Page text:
We used robust security cameras to automatically take photos of Virkisjökull and the nearby river three times a day, every day, for the lifetime of the glacier observatory.
Each of our three weather stations and the stream gauge installation had fixed cameras pointing at the glacier and Virkisá River. They took an image three times each day, at 09:00, 12:00 and 15:00. The images were sent back to the BGS in Edinburgh via a 3G mobile phone link. The images helped us check on our weather monitoring equipment, as well as creating a visual archive of the glacier over time.
The cameras were two megapixel security cameras, chosen for their robustness and ability to stand up to the worst environmental conditions. They performed admirably and were an excellent compromise between image quality and data storage availability.
Timelapse movie of the margin of the Falljökull portion of the Virkisjökull Glacier from 14 April 2011 and the 21 December 2019.
This timelapse movie of the margin of the Falljökull portion of Virkisjökull was filmed between 14 April 2011 and the 21 December 2019. The timelapse has been created using a single image from each day. There is a gap in data between September 2016 and May 2017 when we suffered equipment failure due to severe weather and some shorter gaps later in the video again because of equipment down time. The tipping bucket rain gauge, connected to the weather station, and snow depth measure can be seen at the bottom right of the screen.
The ash from the Grimsvötn eruption of 21 May 2011 onwards can clearly be seen from 24 seconds into the film as can the huge variation in surface meltwater discharge across the area of buried ice in front of the ice margin.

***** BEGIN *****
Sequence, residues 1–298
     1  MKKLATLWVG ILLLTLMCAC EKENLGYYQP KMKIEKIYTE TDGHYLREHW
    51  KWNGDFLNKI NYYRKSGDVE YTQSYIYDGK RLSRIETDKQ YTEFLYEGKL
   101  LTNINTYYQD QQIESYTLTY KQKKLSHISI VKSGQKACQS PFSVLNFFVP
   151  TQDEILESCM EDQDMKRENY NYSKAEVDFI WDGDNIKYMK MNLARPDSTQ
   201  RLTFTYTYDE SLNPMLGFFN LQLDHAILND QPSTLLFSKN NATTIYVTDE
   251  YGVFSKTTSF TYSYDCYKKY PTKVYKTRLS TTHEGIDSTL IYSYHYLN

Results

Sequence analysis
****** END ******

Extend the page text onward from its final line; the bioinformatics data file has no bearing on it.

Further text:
From about 28 seconds there is extensive collapse of the margin of the glacier, as an englacial channel falls in and extensional crevassing is propagated up-ice from the front.
Throughout the video, surface lowering of both the clean ice (white) and debris-covered ice (reddish-brown areas) is very obvious, as is the retreat of the clean ice margin and the collapse of the debris-covered areas of the margin into the expanding proglacial lake.
Timelapse movie of glacier flow over the icefall between 11 April 2011 and 22 April 2012.
This movie shows a timelapse of glacier flow over the icefall between 11 April 2011 and 22 April 2012. A single image from 12 noon each day has been used.
Again, the ash from the Grimsvötn eruption can be seen at around 14 seconds onwards. Grimsvötn itself sits within the western portion of Vatnajökull, only 50 km north-west of the Virkisjökull Observatory.
The tremendous power of glaciers as agents of landscape change can be understood when one sees the speed at which ice is able to flow. Their ability to shape and carve modern mountain chains can be seen all over the world and their legacy spreads far wider, into both upland and lowland landscapes that are now totally devoid of permanent ice.
Each of our weather stations captured three images a day using robust, colour, two megapixel security cameras. These images can be requested on an individual basis or covering a specified time period for research or teaching purposes.
If you want to discover more then please contact Jeremy Everest.